Ellis v. Warden, Northern NH Correctional Facility
Case No. 09-cv-276-SM, Opinion No. 2011 DNH 168
After petitioner caused a fatal automobile accident in Londonderry, New Hampshire, he was tried and convicted of negligent homicide and possession of a controlled substance. He then sought federal habeas corpus relief, asserting that the indictments against him were constitutionally deficient and that his rights under the Confrontation Clause were violated when, at trial, the state introduced a lab report showing his blood levels of various controlled substances. The court denied his petition, concluding the state court’s resolution of his constitutional claims was not contrary to, nor did it involve an unreasonable application of, federal law. 19 pages. Chief Judge Steven J. McAuliffe.
Jay Neeper v. Richard M. Gerry, Warden, New Hampshire State Prison
Case No. 11-cv-135-PB, Opinion No. 2011 DNH 172
The parties cross-moved for summary judgment on the petitioner’s petition for a writ of habeas corpus, which claimed that the New Hampshire Supreme Court’s decision affirming the petitioner’s conviction for aggravated felonious sexual assault was contrary to and an unreasonable application of federal law, and was based on an unreasonable determination of facts. The petitioner argued that in affirming his conviction, the Supreme Court allowed the state prosecutor to use the petitioner’s post-Miranda silence against him at trial, violating the rule set forth in Doyle v. Ohio, 426 U.S. 610 (1976). The court granted the respondent’s motion for summary judgment, holding that the Supreme Court properly identified and applied the law as set forth in Doyle. The court further held that the Supreme Court’s factual determination, that the state prosecutor did not reference the petitioner’s post-Miranda silence during closing argument, was not unreasonable. 16 pages. Judge Paul J. Barbadoro.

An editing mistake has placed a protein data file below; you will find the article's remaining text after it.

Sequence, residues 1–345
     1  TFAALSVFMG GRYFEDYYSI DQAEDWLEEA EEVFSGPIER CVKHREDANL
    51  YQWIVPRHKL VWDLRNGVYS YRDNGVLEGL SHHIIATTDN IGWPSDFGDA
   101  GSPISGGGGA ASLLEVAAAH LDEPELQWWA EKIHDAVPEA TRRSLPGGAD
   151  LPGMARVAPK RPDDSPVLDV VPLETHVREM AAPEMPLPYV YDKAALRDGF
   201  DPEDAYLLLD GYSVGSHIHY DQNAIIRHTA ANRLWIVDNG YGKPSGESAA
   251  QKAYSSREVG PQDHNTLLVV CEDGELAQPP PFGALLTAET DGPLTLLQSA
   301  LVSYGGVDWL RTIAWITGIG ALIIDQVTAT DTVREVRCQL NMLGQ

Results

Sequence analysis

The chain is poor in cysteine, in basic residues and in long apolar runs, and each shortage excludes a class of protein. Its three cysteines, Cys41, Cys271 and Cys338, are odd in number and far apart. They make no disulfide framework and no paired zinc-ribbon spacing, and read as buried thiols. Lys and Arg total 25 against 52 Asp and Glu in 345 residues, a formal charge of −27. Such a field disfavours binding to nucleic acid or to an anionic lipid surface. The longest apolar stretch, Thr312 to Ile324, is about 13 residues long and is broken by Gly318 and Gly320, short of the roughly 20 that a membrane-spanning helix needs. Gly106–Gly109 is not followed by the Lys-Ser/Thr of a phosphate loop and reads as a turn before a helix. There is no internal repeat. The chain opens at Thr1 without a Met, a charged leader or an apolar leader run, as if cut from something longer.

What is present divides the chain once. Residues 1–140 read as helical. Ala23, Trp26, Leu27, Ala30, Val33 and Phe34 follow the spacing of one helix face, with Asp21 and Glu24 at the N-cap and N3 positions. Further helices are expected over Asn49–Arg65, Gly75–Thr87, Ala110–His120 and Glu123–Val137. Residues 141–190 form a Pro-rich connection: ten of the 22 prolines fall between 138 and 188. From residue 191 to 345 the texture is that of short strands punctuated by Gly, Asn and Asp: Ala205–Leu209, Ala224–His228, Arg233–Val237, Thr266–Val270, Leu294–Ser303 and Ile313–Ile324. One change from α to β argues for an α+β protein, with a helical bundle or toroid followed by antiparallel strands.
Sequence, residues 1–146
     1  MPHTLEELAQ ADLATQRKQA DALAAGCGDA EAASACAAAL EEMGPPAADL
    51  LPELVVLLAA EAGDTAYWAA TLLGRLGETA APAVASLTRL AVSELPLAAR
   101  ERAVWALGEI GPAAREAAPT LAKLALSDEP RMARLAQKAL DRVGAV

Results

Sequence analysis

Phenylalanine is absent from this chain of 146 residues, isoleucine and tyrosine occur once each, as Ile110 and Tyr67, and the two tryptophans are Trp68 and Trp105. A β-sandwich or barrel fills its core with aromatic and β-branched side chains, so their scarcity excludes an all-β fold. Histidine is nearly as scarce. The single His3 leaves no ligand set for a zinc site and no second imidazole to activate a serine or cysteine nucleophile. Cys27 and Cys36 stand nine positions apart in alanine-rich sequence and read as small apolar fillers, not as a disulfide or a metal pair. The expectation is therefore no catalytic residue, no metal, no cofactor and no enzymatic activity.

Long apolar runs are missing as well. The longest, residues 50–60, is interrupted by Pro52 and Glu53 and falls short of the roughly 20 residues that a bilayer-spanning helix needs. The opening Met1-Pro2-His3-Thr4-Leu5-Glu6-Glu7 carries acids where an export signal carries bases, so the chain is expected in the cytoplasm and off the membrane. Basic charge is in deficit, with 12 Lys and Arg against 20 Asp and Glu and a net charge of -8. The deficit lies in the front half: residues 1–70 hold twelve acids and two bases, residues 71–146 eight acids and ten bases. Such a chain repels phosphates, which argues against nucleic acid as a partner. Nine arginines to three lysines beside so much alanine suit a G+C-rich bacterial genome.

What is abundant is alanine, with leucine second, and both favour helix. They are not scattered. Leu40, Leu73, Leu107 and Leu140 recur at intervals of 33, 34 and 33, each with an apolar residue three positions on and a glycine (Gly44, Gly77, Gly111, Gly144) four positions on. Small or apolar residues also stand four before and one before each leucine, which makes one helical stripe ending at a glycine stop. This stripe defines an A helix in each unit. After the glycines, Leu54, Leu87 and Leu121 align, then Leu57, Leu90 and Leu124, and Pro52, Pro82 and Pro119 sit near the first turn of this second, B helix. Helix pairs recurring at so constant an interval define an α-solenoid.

IRS SUMMONS, CIVIL CONTEMPT
United States of America v. C. Gregory Melick
Case No. 10-cv-308-JD, Opinion No. 2011 DNH 163
When the defendant failed to appear in response to an IRS summons, the government filed a petition to enforce the summons. The court ordered the defendant to show cause why the petition should not be granted. The defendant moved to dismiss the action and failed to appear at the show cause hearing. The court denied the motions to dismiss and granted the government’s petition to enforce the summons. The defendant again failed to comply with the order. The government moved to hold the defendant in contempt, and a show cause hearing was scheduled. The defendant failed to appear at the hearing, and the court issued a bench warrant for the defendant’s arrest. After the defendant was arrested and appeared at a hearing, the court held the defendant in civil contempt for failure to comply with the court’s order. 16 pages. Judge Joseph A. DiClerico, Jr.